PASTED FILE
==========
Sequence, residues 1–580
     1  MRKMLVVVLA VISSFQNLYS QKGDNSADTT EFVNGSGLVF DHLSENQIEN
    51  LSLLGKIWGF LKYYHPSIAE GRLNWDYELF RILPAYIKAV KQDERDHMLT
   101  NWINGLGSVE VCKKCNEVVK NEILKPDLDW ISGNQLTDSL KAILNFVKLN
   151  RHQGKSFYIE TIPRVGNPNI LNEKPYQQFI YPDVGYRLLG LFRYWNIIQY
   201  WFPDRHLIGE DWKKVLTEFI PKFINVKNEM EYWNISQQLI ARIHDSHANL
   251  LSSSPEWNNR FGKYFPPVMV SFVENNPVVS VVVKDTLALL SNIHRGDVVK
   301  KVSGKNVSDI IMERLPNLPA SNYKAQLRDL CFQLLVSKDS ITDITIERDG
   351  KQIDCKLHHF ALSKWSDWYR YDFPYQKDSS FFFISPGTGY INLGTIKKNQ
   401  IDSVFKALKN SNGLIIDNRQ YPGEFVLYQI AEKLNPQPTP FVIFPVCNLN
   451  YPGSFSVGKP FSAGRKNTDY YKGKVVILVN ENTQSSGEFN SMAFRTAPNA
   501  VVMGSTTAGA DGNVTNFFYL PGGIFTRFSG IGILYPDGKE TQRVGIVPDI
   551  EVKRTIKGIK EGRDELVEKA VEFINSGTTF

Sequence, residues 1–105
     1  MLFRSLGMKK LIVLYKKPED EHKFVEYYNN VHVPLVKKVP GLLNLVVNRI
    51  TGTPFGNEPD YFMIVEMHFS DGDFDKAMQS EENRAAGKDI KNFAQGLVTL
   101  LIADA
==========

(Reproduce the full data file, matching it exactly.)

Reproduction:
Sequence, residues 1–580
     1  MRKMLVVVLA VISSFQNLYS QKGDNSADTT EFVNGSGLVF DHLSENQIEN
    51  LSLLGKIWGF LKYYHPSIAE GRLNWDYELF RILPAYIKAV KQDERDHMLT
   101  NWINGLGSVE VCKKCNEVVK NEILKPDLDW ISGNQLTDSL KAILNFVKLN
   151  RHQGKSFYIE TIPRVGNPNI LNEKPYQQFI YPDVGYRLLG LFRYWNIIQY
   201  WFPDRHLIGE DWKKVLTEFI PKFINVKNEM EYWNISQQLI ARIHDSHANL
   251  LSSSPEWNNR FGKYFPPVMV SFVENNPVVS VVVKDTLALL SNIHRGDVVK
   301  KVSGKNVSDI IMERLPNLPA SNYKAQLRDL CFQLLVSKDS ITDITIERDG
   351  KQIDCKLHHF ALSKWSDWYR YDFPYQKDSS FFFISPGTGY INLGTIKKNQ
   401  IDSVFKALKN SNGLIIDNRQ YPGEFVLYQI AEKLNPQPTP FVIFPVCNLN
   451  YPGSFSVGKP FSAGRKNTDY YKGKVVILVN ENTQSSGEFN SMAFRTAPNA
   501  VVMGSTTAGA DGNVTNFFYL PGGIFTRFSG IGILYPDGKE TQRVGIVPDI
   551  EVKRTIKGIK EGRDELVEKA VEFINSGTTF

Sequence, residues 1–105
     1  MLFRSLGMKK LIVLYKKPED EHKFVEYYNN VHVPLVKKVP GLLNLVVNRI
    51  TGTPFGNEPD YFMIVEMHFS DGDFDKAMQS EENRAAGKDI KNFAQGLVTL
   101  LIADA